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Home » Videos to Check Out: “Deuce and a Quarter” featuring Levon Helm, Keith Richards and Scotty Moore
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Videos to Check Out: “Deuce and a Quarter” featuring Levon Helm, Keith Richards and Scotty Moore

“Deuce and a Quarter” is a 1996 video featuring Keith Richards, Levon Helm, Elvis Presley sidemen Scotty Moore and DJ Fontana and others. The occasion was a session for the album “All the King’s Men,” a twentieth anniversary commemoration of Presley’s death. It’s a great video and a great name for an album.

I initially made the little video directly above using a neat application called Loom. The video was posted at The Daily Music Break,which I referenced a couple of times. The full video, which is below, was the subject of an article in Rolling Stone.

Deuce and a Quarter
The video’s credits.

The full list of players is in the screen shot to the left. The video was the subject of an interesting Rolling Stone article, which is here.

One small correction to my commentary: I identified the folks who made the video as Night Glare Records. It’s actually Night Glare Film. In any case, I couldn’t find any information on the company. I feel confident that whoever put it together has gone on to great success. It does a great job of capturing the spirit of the session.

The song has interesting background. It was written by Gwil Owen and Kevin Gordon. The urban dictionary says that “deuce and a quarter” refers to the Buick Electra 225, which is 225 inches long. It is, according to the site, a “very large Buick from the mid-70’s that can be pimped out like no other.”

More Richards and Helm from The Daily Music Break:

Keith Richards Helps Memorize Merle Haggard

The Rolling Stones: “All Down the Line”

Levon Helm: “Short Fat Fanny”

From the Vault: The Great Levon Helm

The star of the show is Richards, in my opinion. The slapstick around him — drug and age jokes — is fine and much it is quite funny. But the bottom line is that he is a genius. He also is one of the white people — like Elvis — who made great art, great livings and became legends by reinterpreting the music of African-Americans for white audiences.

Of course, in Richards’ case the main source was Chuck Berry. Richards never shied away from what he owed Berry and even co-produced and stared in the 1987 concert documentary “Hail! Hail! Rock ’n’ Roll,” the chronicle of a two concert celebration of Berry’s 60th birthday. Check it out if you haven’t seen it.

Richards simply is a very likable figure. It certainly comes through in the images in the video. The sense I get is that he knows how lucky he is: A man from modest circumstances who was fortunate enough to have great talent and experience the right twists and and turns to propel him to great fame and riches. The sense is that he understands all that — and is grateful and a bit mystified by the whole thing.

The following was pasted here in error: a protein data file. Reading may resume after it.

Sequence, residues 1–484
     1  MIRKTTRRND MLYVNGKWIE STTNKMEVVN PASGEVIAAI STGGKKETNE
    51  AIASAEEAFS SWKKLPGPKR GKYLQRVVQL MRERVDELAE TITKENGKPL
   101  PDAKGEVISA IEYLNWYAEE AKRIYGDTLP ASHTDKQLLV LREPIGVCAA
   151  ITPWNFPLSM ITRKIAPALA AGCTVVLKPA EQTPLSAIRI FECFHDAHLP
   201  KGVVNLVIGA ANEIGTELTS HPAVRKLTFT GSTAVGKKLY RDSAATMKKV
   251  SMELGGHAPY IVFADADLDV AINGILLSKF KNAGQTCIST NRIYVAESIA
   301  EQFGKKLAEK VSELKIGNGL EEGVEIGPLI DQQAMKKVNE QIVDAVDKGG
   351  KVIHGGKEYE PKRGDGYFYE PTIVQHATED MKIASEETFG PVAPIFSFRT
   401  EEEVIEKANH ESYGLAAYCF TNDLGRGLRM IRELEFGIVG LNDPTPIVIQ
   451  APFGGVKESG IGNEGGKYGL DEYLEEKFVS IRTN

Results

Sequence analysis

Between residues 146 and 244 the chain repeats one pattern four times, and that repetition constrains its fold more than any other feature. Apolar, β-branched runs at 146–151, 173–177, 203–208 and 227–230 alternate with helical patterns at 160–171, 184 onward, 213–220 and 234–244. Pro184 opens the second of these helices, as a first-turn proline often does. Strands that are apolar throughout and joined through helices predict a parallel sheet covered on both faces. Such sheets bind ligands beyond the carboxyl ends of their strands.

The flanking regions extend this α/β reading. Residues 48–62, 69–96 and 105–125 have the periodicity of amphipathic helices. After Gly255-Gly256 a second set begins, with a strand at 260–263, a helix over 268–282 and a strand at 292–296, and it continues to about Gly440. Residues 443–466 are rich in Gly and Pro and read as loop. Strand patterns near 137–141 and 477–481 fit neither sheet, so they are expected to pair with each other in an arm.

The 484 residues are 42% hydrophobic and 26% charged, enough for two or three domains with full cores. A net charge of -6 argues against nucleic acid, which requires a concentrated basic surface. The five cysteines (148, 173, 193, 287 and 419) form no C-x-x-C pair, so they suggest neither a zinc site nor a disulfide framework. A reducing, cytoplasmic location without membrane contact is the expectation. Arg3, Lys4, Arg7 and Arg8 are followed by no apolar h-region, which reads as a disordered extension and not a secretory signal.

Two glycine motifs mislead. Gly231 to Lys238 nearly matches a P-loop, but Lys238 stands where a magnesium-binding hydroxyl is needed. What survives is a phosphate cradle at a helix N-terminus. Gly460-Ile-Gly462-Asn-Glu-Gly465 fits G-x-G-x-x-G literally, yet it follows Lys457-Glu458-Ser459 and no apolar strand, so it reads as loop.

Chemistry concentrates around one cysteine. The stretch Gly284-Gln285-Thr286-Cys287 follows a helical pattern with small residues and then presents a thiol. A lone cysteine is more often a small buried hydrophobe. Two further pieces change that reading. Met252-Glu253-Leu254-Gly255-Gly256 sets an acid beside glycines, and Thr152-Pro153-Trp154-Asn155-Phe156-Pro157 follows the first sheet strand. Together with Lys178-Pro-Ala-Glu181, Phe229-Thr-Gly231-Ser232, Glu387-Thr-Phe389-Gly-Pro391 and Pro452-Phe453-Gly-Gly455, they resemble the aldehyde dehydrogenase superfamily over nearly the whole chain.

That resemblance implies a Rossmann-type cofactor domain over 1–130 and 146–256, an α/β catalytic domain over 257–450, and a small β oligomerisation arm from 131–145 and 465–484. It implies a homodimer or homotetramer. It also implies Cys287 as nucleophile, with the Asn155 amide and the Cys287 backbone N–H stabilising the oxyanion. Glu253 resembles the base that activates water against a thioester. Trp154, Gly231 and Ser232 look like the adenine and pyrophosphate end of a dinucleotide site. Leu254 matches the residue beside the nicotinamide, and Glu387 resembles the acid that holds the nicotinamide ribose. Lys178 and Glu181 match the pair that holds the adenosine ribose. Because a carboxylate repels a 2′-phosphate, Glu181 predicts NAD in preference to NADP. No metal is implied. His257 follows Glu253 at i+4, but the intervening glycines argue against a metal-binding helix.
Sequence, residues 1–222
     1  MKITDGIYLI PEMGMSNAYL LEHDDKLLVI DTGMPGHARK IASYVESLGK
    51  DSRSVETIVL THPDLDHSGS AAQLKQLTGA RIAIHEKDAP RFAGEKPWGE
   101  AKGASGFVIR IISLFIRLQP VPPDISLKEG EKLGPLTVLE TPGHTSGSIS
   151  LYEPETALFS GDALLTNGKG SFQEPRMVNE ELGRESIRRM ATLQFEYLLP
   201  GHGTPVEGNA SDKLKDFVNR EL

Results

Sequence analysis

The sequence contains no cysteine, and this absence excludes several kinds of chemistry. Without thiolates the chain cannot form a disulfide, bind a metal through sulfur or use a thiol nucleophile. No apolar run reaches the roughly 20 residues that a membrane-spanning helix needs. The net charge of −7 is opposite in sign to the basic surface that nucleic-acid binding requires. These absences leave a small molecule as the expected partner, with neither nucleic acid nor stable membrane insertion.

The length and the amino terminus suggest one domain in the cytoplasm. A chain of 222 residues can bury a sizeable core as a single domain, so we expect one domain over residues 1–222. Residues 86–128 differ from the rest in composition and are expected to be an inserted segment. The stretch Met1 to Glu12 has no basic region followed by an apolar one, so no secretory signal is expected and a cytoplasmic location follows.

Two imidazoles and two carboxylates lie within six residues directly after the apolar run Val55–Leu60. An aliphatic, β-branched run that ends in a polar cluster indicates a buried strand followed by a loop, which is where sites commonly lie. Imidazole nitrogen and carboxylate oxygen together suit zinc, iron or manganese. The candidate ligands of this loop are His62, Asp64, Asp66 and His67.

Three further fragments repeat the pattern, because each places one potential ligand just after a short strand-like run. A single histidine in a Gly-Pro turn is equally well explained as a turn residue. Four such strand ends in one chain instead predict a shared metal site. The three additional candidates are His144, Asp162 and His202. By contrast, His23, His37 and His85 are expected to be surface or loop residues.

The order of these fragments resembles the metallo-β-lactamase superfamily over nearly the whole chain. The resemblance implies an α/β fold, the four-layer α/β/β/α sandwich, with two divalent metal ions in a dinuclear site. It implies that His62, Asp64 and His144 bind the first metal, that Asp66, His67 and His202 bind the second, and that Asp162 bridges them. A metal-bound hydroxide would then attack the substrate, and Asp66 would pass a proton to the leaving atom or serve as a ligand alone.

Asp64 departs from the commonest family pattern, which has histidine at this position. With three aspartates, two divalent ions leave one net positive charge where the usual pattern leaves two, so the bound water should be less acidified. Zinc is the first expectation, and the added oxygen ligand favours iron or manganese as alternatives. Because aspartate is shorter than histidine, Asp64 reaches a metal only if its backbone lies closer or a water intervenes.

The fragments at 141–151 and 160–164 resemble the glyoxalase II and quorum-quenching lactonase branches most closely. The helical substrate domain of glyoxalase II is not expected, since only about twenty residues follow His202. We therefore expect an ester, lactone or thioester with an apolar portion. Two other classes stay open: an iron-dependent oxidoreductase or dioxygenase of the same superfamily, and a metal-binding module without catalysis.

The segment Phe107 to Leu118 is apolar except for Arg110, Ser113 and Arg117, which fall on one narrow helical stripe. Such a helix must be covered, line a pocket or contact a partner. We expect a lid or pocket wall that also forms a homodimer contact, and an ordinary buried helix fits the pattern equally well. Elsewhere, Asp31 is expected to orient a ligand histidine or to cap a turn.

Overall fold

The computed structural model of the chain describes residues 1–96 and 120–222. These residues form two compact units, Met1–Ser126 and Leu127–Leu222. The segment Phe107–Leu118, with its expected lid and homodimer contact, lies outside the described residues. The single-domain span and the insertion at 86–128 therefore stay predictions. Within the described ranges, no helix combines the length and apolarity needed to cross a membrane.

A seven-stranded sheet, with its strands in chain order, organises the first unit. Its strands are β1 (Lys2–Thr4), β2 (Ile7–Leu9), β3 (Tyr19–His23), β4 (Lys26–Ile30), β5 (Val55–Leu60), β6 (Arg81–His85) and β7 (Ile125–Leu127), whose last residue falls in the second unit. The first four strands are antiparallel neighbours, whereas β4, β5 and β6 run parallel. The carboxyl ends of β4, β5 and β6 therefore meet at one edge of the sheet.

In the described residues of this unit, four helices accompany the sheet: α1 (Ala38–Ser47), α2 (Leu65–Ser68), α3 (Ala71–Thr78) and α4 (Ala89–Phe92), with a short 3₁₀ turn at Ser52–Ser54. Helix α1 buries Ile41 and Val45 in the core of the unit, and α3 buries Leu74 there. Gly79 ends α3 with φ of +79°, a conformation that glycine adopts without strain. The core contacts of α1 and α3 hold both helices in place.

Bringing Levon, Moore and Richards (and the others) together brings to mind perhaps the greatest “meeting of the giants” in music history: Duke Ellington and Louis Armstrong in 1961.

I love Levon Helm and Keith Richards. But they are not Duke and Louis. This is an interesting story on what is known as “The Great Summit.”


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Our New Things: Links to Music Sites and Info on Analog Tech and Vinyl

TDMB has focused on music and musicians. We will continue to do that, of course. We're also expanding our coverage to include vinyl and analog equipment.

More specifically, we'll look at this huge and interesting world from the perspective of music lovers who want a better experience, not committed non-audiophiles.

Check out is some of what we've written so far:

-- Assessing the Value of Vinyl Records: An Overview

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Here are some books to check out.

Duke Ellington brought class, sophistication and style to jazz which, until that point, was proudly unpolished and raucous. His story is profound. The author, Terry Teachout, also wrote "Pops," the acclaimed bio of Louis Armstrong. Click here or on the image.

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What else is there to say? Here is the story behind every song written by The Beatles. Click here or on the image.

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The Grateful Dead don't get enough credit for the profound nature of its lyrics. Many of the band's songs are driven by a deep and literate Americana ("I'm Uncle Sam/That's who I am/Been hidin' out/In a rock and roll band" and "Majordomo Billy Bojangles/Sit down and have a drink with me/What's this about Alabama/Keeps comin' back to me?").

David Dodd's exhaustive study tells the story, song by song. Click here or on the image.

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